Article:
1/2 cup crumbled cheese (I usually use feta-type cheese, but be creative. Would also be good with grated mozzarella, parmesan, or perhaps even blue cheese)
a sprinkle of dry dill or a few tablespoons of fresh chopped dill
a sprinkle of black pepper
sesame seeds and kalonji/nigella/black caraway seeds
For the dough, mix all ingredients together and knead well for a few minutes. Set aside and let rise 30 minutes or more (up to a few hours is fine)
Prepare the filling:
Mix together parsley, cheese, dill, egg white (save the yolk), black pepper and cayenne.
Break off walnut-size pieces of the dough and form into a ball. Squash each ball in the palm of your hand to form a round of dough. Put in a small amount of filling (a teaspoon at most) and fold over, then seal closed by pressing the edges of the half-moon together. Place pastries onto a baking sheet lined with baking paper. They can be relatively close together, as they won't expand much.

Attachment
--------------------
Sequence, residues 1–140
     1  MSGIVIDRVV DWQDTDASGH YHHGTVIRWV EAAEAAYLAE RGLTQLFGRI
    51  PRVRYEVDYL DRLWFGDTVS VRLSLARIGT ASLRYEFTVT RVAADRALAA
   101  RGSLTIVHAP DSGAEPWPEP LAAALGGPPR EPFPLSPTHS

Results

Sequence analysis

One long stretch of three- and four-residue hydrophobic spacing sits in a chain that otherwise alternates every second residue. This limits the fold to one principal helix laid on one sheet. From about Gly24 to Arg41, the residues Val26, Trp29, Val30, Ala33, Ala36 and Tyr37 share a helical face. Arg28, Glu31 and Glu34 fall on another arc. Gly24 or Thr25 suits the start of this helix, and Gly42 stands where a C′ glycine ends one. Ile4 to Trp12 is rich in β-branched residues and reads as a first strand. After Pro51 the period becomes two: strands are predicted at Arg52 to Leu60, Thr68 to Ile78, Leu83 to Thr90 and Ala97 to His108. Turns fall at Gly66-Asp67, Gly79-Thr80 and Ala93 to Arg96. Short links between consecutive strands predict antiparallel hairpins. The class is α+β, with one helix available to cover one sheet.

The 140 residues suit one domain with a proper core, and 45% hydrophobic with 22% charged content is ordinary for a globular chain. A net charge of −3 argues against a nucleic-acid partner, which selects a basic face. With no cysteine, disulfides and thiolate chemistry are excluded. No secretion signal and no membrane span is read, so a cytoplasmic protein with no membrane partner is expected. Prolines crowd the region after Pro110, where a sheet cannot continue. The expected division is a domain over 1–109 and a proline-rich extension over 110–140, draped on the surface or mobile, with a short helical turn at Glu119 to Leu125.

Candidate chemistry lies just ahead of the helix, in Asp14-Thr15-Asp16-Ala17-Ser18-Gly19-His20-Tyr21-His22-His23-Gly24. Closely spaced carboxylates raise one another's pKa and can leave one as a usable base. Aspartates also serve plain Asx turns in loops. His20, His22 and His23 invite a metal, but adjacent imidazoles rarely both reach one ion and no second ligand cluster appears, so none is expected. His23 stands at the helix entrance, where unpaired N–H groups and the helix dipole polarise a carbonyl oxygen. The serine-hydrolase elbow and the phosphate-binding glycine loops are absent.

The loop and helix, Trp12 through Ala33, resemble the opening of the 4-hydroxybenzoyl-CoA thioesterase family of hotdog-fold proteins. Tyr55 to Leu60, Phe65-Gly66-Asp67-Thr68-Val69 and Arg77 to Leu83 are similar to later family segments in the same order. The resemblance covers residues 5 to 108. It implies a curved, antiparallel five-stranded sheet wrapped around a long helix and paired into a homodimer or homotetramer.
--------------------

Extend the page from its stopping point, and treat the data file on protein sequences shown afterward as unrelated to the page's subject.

When you've filled all the rounds, brush each one with egg yolk and sprinkle with sesame and kalonji seeds (kalonji seeds are black - not pictured here).
Bake at 175 Celcius (around 350 F) until golden - make sure the bottoms of the poaca are also golden in color. If they are still white, they are not done yet.
These look like they are a lot of work, but they are not - that being said, they take much longer to make than they do to eat!
Finally, some pictures from the evening:
|Levent, my sweet husband (who inspired the book) and me|
|The audience, before I read.|
|The captivated audience (and one lady who is removing her sweater).|
|Here's Levent with the wine, talking to an audience member.|
|And here's his business partner, Ralph.|
|And here I am, signing a book. This is one reason I did not just publish digitally. It is just so cool to autograph a book.|